by Ted M. Coopman
Right now, we have the worst of both possible worlds. We are spending millions of dollars to shelter unhoused people while spending millions of dollars—including private sector costs—on the impacts of people living in our streets and open spaces.
The federal courts are clear: You can’t sanction people for sheltering on public land unless they have some place to go. As I have argued, if we do not want public camping and all the resulting problems and expense, there is only one solution regardless of whether you feel compassion or disgust: safe, sanitary, sanctioned, managed campsites.
The system of nonprofit and government-sponsored safe sleep sites combined with all the wraparound services needed to deal with the mental health, substance abuse, and trauma is already very expensive and we would have to more than double our capacity to meet the need.
The difference is that shelters and treatment are productive costs, while the money spent on dealing with the impacts of street camping is simply lost. We are burning mass sums managing a problem that could be used to solve it.
The Grand Bargain
The bottom line is that taxpayers are going to have to cough up much more money than we want to adequately address the problem. Compassion is one thing, getting invoiced for it is something else. So, the Grand Bargain is what the 99% of people who are housed in Eugene get for our money. That significant sacrifice, absent our direct responsibility, is going to involve curtailing the choices for people without shelter so we can effectively eliminate urban camping.
In my opinion, the only way we can convince taxpayers to cough up the cash is to clear, and keep clear, our streets and open spaces.
As of 2023, we have three safe sleep sites for vehicles and tents, all of which are full, with waiting lists, and another two in development. This is in addition to a variety of Safe Spots, villages, and car campsites operated by nonprofits like Community Supported Shelters and St. Vincent De Paul. Homes for Good is also ramping up permanent shelter for the unhoused.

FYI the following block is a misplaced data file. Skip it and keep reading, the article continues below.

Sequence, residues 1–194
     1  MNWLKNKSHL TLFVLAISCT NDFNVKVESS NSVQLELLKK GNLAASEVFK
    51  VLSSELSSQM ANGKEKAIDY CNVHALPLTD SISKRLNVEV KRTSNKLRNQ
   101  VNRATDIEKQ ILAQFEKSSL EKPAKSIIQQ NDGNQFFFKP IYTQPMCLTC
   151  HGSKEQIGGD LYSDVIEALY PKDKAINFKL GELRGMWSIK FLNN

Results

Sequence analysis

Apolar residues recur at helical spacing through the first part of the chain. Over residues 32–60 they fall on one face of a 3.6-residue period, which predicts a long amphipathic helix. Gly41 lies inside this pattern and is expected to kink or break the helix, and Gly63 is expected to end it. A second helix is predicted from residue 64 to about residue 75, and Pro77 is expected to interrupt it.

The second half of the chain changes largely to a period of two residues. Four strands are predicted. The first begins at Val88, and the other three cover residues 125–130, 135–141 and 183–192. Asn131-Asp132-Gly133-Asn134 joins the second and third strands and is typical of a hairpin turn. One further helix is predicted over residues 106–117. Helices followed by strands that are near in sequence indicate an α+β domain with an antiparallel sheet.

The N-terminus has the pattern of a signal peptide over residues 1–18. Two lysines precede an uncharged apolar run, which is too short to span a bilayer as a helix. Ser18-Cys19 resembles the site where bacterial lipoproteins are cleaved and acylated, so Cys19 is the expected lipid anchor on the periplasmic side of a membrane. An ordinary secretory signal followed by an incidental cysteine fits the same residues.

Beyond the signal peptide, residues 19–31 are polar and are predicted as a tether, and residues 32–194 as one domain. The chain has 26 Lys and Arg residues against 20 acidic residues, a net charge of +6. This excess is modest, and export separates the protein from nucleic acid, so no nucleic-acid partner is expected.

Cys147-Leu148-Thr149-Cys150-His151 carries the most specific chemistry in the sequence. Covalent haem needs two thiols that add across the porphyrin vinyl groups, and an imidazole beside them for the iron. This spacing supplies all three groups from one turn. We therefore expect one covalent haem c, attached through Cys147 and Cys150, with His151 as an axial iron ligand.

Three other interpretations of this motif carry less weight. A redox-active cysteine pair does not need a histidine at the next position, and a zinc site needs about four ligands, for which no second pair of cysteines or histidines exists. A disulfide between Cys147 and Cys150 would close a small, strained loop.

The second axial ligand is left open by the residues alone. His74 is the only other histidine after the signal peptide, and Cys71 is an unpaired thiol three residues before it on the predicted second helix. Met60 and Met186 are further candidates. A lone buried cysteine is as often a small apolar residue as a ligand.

While the numbers are fudgy, Eugene has about 4,842 unhoused people based on Housing and Urban Development’s definition of homeless. Keep in mind that anyone not in permanent shelter, but in temporary shelter, is still considered homeless. Best guess is that about 2,000 people are without shelter in Eugene each night.
(I am not going to take a deep dive on the stats or costs, so to get a good grasp of the current scope of the effort, see the Homelessness in Lane County dashboard.)
As the amount of shelter space increases, the city council has moved to rein in street camping by tightening rules around water, wetlands, and educational facilities and increased penalties for willful violation. They have also moved to increase enforcement for RV and trailer camping in residential areas.
As any ride down the Fern Ridge bike path or walk in Wards 1, 7, or 8 will show you, this is all a work in progress.
The city of Eugene has also established a federal-grant-funded Community Court program to try and unravel the “toxic knot” of homelessness, minor offenses, and community safety impacts. It directs shelter and targeted support to certain unhoused individuals charged with misdemeanors like trespassing, disorderly conduct, criminal mischief, and other non-violent charges.
Rights vs. responsibilities
“Rights” are the benefits and the allowances that government owes to the people they govern. Rights are immutable unless changed by the courts or are “natural rights,” beyond any specific laws. For these rights to have meaning, they must be enforced or protected by authorities or broadly accepted as normative.
“Responsibilities” are the civil duties that each citizen is supposed to fulfill. These obligations are assigned or assumed, and responsibilities are “owed” by individuals to the larger society. Such responsibilities help make the city a peaceful and suitable place to live in and must be broadly accepted as normative to be effective. That is, no one is above or below the law.
The balancing of rights and responsibilities is required to ensure that all residents can live safely, in peace, with access to shelter and sanitation, secure in their possessions and property, able to conduct legal commerce, employment, and cultural and social activities, as well as the ability to use public spaces free of harassment.
Everyone has a responsibility to respect the rights, peace, property, and safety of others, and to care for and protect our collective commons. This balance is where we need to start a concerted effort to effectively eliminate unsanctioned public camping.
Living on the streets is unacceptable
Living on the streets in unsafe and unsanitary conditions is unacceptable. Period.
It is obvious why people should not be living outside of sanctioned shelter. It is dirty and dangerous and a blight on public space. It damages our environment, social fabric, culture, economy, and the ability to run a functional society. It is bad for everyone. It is not a viable choice, regardless of what any individual wants. It should not be tolerated, ever.
Expand and constrict